The infant Higaunon church became burdened for their fellow Higaunons in other villages. They wondered why it took so long for the gospel to reach them.
“It seemed to us that 2,000 years was a really long time to bring the message to our place, and we didn’t want it to be a long time before it reached other Higaunon villages,” the Higaunon believers said.
They didn’t just talk about it. They did something about it. And as a result, there are churches in over 20 other Higaunon villages.
» Editor’s note: This story reminded us of the one told in the video Never the Same chronicling the return of author Don Richardson and his sons to the village described in the bestselling book Peace Child.
Source: World Vision, October 20, 2017
For centuries, the Maasai traveled with their cattle along the Great Rift Valley in Kenya and Tanzania. Families were polygamous—men had many wives and kids. Children rarely went to school, instead helping their parents take care of animals and doing chores around the house.
This is the world into which Jackson Ole Sapit, 53, was born—with one father and 11 mothers. He’s not sure how many siblings he has but guesses more than 50. Jackson’s father died when he was young, and his mother—his father’s seventh wife—and her three children were chased away from the family home by shrewd older brothers who understood the value of land. Jackson’s mother and her children became destitute.
Maasai parents didn’t believe in education, as boys were to herd cows, and girls worked around the house. But in 1973, Jackson and the other Maasai boys in his village were forced to attend [school]. There, he began to hear about Jesus. “One of the songs [they sang],” he says, “was ‘More About Jesus.’” But he thought they were singing “moo” instead of “more.” He says, “I wondered, ‘Are they singing about cows?’” This was something he could relate to as a herder; his curiosity was piqued.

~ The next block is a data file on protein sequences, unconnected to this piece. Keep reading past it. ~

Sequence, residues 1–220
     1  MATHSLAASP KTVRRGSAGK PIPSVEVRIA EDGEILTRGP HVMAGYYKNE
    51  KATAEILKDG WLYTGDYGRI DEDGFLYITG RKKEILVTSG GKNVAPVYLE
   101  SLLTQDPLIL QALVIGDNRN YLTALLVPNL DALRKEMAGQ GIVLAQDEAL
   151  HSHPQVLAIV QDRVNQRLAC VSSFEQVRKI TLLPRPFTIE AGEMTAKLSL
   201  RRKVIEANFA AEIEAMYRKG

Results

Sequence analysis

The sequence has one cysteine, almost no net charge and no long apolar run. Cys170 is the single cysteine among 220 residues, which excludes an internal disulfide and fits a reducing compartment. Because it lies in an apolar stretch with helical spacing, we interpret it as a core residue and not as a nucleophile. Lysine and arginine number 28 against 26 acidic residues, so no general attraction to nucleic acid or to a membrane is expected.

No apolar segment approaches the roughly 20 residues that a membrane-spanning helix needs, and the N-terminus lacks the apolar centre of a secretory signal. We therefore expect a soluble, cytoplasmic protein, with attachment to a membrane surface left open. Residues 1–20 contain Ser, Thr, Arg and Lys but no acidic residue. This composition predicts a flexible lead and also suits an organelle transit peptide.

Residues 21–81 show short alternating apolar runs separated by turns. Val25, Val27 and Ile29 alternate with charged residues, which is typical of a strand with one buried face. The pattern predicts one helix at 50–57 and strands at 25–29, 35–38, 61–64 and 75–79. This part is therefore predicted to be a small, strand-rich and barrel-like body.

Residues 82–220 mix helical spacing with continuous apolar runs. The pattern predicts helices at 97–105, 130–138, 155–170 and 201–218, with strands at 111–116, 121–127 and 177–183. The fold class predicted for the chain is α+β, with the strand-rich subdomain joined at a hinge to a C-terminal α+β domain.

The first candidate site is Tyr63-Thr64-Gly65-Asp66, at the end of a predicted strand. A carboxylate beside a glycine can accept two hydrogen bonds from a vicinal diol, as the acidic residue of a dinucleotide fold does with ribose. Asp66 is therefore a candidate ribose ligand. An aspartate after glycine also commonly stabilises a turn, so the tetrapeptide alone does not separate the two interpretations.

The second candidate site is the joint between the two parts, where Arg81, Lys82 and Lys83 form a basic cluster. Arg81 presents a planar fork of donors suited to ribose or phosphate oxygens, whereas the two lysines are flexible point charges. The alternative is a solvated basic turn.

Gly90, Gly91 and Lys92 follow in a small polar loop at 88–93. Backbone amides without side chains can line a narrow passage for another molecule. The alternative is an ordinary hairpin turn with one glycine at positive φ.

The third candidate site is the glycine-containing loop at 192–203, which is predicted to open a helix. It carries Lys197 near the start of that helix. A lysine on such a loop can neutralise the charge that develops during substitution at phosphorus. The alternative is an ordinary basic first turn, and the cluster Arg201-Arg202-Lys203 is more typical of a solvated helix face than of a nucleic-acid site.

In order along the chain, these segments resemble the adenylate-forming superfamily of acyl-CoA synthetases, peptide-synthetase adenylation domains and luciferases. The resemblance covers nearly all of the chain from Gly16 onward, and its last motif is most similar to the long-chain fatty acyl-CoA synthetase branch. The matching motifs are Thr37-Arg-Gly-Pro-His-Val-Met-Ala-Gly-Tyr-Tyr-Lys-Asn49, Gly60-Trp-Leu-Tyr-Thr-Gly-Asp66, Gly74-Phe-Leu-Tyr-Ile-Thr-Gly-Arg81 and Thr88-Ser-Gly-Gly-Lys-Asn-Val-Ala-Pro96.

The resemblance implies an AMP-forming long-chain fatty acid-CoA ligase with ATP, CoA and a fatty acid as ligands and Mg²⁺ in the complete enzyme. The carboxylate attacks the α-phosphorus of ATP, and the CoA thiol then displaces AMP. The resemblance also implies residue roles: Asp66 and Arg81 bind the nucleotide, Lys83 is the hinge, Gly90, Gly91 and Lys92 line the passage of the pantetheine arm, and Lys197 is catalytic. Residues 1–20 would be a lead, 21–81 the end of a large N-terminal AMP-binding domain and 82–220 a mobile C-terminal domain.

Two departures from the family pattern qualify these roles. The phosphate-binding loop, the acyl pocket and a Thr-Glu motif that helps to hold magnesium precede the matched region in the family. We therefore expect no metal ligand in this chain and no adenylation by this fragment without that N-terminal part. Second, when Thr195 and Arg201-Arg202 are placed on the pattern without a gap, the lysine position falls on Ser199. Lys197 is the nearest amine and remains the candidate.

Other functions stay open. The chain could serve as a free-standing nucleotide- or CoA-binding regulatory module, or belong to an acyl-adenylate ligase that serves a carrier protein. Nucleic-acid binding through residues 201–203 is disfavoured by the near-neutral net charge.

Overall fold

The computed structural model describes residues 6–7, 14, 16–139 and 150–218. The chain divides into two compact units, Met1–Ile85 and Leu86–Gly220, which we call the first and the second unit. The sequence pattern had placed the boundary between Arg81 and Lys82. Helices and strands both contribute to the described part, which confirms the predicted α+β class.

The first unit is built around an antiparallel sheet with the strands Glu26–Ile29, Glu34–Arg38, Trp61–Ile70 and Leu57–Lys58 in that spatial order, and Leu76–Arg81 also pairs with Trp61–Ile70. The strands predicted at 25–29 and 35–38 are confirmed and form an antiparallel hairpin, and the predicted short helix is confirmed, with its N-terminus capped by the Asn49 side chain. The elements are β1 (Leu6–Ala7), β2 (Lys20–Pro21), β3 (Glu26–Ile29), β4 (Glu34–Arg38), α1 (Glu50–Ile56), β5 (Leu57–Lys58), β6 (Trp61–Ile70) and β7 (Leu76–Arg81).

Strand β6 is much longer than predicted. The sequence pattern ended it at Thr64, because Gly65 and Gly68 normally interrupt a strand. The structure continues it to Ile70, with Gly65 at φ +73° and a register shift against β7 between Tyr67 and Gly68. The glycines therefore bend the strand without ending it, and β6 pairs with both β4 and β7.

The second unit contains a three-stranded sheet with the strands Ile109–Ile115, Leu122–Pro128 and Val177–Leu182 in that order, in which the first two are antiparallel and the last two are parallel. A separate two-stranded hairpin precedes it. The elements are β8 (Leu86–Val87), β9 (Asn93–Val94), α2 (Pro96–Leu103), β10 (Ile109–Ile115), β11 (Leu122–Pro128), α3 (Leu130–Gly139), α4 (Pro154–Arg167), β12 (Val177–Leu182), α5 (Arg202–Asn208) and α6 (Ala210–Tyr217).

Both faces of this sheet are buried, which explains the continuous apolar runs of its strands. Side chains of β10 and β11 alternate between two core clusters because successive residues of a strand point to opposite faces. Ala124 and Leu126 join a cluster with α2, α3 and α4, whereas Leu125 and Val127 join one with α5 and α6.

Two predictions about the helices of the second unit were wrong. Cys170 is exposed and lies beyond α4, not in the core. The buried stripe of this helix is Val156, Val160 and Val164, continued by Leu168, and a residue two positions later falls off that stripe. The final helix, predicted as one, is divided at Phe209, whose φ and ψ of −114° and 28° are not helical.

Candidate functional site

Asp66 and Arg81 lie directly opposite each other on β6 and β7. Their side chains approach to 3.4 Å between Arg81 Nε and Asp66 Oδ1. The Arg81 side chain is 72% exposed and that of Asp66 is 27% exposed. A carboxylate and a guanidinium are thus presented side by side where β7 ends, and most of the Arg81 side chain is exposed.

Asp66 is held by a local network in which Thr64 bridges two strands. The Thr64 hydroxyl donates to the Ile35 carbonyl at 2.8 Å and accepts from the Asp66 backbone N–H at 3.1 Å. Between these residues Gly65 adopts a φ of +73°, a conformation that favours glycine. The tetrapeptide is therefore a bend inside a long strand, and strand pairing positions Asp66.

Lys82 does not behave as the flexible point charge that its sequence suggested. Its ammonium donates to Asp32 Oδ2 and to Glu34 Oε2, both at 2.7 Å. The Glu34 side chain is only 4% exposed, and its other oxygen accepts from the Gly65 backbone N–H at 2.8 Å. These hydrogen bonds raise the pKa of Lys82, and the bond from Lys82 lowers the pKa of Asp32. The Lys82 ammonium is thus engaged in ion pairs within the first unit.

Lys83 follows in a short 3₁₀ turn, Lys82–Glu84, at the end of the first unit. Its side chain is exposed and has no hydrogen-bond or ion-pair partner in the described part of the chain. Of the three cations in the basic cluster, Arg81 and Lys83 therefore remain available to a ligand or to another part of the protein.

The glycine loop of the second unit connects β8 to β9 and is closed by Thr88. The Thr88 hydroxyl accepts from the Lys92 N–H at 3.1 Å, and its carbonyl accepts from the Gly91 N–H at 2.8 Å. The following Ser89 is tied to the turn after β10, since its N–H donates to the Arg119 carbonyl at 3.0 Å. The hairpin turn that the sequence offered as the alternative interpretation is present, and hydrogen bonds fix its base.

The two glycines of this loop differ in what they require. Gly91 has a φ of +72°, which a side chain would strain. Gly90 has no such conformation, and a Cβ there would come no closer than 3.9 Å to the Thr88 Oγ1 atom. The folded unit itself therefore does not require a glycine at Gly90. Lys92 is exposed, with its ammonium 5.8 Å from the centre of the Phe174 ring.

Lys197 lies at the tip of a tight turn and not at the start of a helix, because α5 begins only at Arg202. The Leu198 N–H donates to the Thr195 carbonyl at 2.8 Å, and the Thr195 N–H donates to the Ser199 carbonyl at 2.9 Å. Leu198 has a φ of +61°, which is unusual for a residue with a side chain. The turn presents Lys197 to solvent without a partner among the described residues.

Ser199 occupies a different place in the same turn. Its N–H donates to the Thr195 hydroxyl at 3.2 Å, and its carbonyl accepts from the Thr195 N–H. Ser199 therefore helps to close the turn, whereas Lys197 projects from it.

The next year, Jackson became sponsored through World Vision.
Source: International Mission Board, October 30, 2017
In the US, the world of evil spirits and magic spells becomes a national obsession just once a year—during Halloween. [Then] the dark side of the supernatural realm quickly fades into the background as the focus shifts to Thanksgiving and Christmas.
In Sub-Saharan Africa, spiritual forces are palpable year round. Items like charms and amulets are ever-present evidence that beliefs in the spirit world are real and affect every aspect of life. In African traditional religion the natural world is filled with spiritual forces. There’s a fine line between the physical and spiritual world—so fine, in fact, that it often seems to dissolve.
“The greatest need among African peoples is to see, know, and experience Jesus Christ as the victor over the powers and forces from which Africa knows no means of deliverance,” said Dr. John Mbiti. Join us in praying for Africans to realize that Jesus—the one victorious over death—is more powerful than any spirit, amulet, or spell.
» Full story includes some great images and prayer points.